Additionally, you may make one copy of the Software for back-up purposes, maintaining always the same copyright information as the original, and you may also install one copy of the Software outside of the household provided it is for personal use by you or a family member and reasonable steps are taken to ensure that no one else can use the Software.
You are taking responsibility for the actions of your family members and agree to indemnify the Licensor for any breaches of the terms of this licence agreement by you or your family members.

3. Restrictions
You and your family members are not permitted to copy the Software otherwise than for use of the Software for normal operation in accordance with this licence agreement. You shall not (save as to the extent allowed by law) disassemble, decompile or reverse engineer the Software, nor translate, adapt, modify, lease, rent, loan, redistribute, sub-lease, sub-license or create derivative works from the Software. You must ensure that the copyright notice of Licensor is duplicated as it appears in or on the Software on all authorised copies.
This licence agreement does not entitle you or your family members to use the Microsoft Windows version or any other version of the Software unless you have entered into a separate licence agreement for that version.”

Some of that is entirely reasonable but the part about having only one backup copy is just plain silly on Debian GNU/Linux. The APT package management system clearly keeps one backup on each PC on which it is installed. So, if you have N PCs in your household upon which you install the programme, you have 2N-2 violations of the licence. One can manually delete those extra backups but they want us to download to each machine rather than copying over the LAN which is so simple with GNU/Linux… Also, the typical user will run the application before seeing the licensing terms yet is considered to have accepted the terms by running the application…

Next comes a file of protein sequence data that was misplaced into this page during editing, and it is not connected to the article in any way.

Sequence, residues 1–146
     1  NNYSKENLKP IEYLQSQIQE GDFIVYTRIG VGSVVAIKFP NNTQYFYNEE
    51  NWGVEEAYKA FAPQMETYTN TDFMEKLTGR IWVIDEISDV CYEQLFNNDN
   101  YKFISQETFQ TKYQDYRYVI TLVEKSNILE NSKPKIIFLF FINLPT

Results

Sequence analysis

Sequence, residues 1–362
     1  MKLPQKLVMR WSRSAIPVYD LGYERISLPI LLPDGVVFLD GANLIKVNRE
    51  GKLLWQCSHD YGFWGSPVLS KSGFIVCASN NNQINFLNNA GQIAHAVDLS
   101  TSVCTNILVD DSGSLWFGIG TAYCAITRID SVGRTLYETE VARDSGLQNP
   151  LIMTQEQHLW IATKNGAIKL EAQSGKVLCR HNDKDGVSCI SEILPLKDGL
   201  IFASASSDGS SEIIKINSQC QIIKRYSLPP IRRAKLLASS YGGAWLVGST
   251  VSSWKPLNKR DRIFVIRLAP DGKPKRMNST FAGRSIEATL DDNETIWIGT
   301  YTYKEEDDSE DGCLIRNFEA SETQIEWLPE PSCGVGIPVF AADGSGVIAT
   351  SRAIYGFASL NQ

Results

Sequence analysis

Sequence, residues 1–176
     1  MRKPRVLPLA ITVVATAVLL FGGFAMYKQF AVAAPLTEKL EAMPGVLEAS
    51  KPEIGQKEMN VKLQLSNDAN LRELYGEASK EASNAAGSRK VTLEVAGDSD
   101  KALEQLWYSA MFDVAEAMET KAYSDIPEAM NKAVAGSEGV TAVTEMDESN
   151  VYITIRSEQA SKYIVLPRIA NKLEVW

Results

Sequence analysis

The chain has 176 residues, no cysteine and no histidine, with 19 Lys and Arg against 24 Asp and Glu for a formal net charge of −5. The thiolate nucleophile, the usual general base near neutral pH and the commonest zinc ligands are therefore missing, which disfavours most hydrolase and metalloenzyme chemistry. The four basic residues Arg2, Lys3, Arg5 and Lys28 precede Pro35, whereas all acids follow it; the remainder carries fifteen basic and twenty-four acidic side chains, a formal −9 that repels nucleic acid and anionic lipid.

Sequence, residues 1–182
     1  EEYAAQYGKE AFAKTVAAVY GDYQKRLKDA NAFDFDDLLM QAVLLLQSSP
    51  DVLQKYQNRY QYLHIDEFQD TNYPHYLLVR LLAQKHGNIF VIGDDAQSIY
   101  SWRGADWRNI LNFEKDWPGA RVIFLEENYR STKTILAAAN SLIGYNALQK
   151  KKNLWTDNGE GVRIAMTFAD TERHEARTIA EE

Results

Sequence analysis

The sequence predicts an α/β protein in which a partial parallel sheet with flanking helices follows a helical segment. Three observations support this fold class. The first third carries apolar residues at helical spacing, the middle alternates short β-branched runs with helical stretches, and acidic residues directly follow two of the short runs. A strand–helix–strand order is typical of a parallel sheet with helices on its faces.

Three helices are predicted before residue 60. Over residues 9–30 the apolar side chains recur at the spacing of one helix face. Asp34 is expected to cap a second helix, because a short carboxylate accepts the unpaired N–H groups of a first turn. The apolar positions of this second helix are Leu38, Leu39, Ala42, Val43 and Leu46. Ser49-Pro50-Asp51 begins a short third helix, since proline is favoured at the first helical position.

I know why authours of software include such restrictions, to make sure they get paid per whatever. On the other hand, we should not have to enslave ourselves and our families in order to use a smooth, convenient application on our PCs. That’s like selling our children or self-flagellation before having any fun at all to nullify evil. It’s just evil to accept such restrictions. The licence began with “PLEASE READ THIS LICENCE AGREEMENT CAREFULLY BEFORE USING THIS SOFTWARE. IF YOU USE THIS SOFTWARE THEN YOU AGREE TO BE BOUND BY THE TERMS OF THIS LICENCE AGREEMENT.” Sweet, eh? I did not agree and purged the .deb from my system. I am not a slave. I do not agree to be bound in slavery to the authours of software. To add insult to injury, the authours presume to enslave us while we perform them the free service of testing their beta-software.

Give me FLOSS any day. I can examine, run, modify and distribute the software under a licence that comes along for the ride on a $free download. That’s freedom and the right way to do IT. Information should be $free and unencumbered by burdensome licensing terms.